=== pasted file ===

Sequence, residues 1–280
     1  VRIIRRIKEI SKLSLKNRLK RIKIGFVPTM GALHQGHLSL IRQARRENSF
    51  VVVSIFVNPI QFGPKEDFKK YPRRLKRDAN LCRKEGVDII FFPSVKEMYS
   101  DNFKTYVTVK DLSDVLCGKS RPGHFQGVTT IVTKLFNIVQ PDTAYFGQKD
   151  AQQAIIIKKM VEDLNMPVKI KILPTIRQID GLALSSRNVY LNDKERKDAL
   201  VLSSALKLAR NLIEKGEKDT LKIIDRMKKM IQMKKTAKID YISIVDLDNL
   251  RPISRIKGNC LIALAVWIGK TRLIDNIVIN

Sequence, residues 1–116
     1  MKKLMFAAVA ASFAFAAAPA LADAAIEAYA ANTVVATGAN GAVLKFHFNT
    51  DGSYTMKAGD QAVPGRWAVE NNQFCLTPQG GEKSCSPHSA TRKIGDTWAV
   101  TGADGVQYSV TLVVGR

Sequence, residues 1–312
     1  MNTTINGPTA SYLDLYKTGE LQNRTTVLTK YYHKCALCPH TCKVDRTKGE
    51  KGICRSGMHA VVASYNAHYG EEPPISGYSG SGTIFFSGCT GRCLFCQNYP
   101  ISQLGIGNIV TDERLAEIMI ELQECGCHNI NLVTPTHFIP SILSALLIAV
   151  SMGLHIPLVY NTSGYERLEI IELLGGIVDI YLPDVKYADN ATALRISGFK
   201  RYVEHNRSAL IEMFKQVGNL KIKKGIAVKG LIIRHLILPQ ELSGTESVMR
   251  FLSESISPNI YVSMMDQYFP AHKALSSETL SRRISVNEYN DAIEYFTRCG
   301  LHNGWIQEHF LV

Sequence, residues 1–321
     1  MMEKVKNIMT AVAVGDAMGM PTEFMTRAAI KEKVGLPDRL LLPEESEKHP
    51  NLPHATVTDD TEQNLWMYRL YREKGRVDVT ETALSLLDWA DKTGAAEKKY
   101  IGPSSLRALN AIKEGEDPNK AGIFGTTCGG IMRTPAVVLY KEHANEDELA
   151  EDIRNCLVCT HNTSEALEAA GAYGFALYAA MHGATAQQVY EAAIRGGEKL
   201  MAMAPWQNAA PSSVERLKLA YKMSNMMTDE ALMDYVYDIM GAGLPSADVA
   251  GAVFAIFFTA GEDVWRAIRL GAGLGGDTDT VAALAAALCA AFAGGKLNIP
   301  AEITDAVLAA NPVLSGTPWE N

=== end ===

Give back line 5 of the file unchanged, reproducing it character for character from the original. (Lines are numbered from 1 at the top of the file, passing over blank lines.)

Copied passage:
   151  AQQAIIIKKM VEDLNMPVKI KILPTIRQID GLALSSRNVY LNDKERKDAL